Introduction (Critical Survey of Short Fiction, Second Revised Edition)
Until the early nineteenth century, short prose fiction was primarily a vehicle for didactic messages, often religious in nature. Romantic writers, wishing to preserve the old values without the religious dogma and mythological trappings, secularized the old stories by presenting them as basic psychic processes. The ballad tale that had previously existed as received story now became infused with the subjectivity of the teller. The famous collaboration of William Wordsworth and Samuel Taylor Coleridge in Lyrical Ballads (1798) marked the beginning of this shift.
Wordsworth’s task was to choose situations and scenes from everyday life and by a process of defamiliarization suggest the spiritual value latent within them. Coleridge, on the other hand, was to take supernatural stories or situations and give them the semblance of reality by making them projections of the artist’s psyche. Often in these “lyrical ballads,” the story element was subsumed by the lyrical element because of their emphasis on the poet’s subjective impression. The German Romantics, from whom Coleridge gained many of his critical assumptions, however, were more committed to stories with the lyrical element concealed behind the hard outlines of the event. American writers, also strongly influenced by the Germans, similarly turned from Romantic poetry to Romantic tale. The short story as developed by Washington Irving, Edgar Allan Poe, and Nathaniel Hawthorne was the...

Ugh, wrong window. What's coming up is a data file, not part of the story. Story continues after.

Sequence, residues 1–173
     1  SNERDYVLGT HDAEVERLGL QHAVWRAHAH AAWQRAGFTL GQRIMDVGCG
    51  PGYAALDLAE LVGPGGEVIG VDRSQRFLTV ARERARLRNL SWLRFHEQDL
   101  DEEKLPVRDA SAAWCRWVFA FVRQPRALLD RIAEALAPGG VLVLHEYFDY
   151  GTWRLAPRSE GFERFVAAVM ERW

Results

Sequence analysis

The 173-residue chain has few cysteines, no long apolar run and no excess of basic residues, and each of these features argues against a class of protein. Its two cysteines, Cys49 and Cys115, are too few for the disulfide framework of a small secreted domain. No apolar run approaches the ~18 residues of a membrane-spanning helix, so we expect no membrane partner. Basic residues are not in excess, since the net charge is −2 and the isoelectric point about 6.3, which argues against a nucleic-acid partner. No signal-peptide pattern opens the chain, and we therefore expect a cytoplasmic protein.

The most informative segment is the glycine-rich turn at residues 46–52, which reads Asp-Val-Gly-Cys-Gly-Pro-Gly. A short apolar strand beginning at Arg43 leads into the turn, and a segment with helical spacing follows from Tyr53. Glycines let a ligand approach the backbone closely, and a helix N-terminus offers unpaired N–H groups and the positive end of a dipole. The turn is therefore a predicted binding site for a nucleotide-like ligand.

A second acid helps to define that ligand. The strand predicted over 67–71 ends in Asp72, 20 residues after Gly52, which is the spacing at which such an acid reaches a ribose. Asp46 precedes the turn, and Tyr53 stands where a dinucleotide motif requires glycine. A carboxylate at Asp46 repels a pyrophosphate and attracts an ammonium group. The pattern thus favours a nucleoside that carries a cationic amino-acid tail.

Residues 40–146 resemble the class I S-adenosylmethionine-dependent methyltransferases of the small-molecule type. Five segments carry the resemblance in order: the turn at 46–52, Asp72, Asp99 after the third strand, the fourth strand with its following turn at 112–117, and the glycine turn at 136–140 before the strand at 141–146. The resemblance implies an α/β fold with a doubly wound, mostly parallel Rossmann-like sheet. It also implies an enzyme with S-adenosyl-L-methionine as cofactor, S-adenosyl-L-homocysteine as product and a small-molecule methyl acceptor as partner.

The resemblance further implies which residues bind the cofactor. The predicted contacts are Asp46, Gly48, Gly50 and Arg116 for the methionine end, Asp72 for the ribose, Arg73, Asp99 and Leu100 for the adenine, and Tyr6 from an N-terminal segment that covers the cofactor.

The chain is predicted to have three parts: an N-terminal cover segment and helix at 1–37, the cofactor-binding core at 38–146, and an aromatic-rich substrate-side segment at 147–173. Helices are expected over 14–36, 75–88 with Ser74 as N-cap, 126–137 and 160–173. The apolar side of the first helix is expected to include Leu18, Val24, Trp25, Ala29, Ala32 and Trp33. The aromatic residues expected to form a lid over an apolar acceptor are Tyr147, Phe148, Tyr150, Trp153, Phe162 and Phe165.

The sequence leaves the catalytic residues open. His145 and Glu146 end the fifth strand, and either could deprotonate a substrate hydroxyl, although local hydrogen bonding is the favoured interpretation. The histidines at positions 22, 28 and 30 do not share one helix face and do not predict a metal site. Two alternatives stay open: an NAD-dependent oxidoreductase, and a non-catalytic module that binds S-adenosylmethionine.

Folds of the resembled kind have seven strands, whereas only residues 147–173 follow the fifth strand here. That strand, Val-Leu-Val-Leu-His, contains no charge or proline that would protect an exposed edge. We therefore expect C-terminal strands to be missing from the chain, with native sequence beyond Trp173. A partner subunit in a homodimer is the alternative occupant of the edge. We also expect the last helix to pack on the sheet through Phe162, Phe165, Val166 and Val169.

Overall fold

(The entire section is 237 words.)
Want to Read More?
Subscribe now to read the rest of this article. Plus get complete access to 30,000+ study guides!